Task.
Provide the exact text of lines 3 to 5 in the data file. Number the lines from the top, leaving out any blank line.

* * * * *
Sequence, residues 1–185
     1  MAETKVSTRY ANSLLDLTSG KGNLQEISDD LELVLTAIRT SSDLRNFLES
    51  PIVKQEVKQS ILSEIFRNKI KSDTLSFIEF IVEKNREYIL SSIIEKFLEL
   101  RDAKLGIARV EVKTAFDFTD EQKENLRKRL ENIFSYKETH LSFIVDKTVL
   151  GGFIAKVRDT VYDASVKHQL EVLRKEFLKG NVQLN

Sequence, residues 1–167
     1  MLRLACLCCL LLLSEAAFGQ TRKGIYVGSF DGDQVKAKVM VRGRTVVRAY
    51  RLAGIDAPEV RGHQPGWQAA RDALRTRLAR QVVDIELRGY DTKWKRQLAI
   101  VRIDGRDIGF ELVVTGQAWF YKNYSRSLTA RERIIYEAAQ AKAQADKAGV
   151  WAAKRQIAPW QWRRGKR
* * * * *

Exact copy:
    51  PIVKQEVKQS ILSEIFRNKI KSDTLSFIEF IVEKNREYIL SSIIEKFLEL
   101  RDAKLGIARV EVKTAFDFTD EQKENLRKRL ENIFSYKETH LSFIVDKTVL
   151  GGFIAKVRDT VYDASVKHQL EVLRKEFLKG NVQLN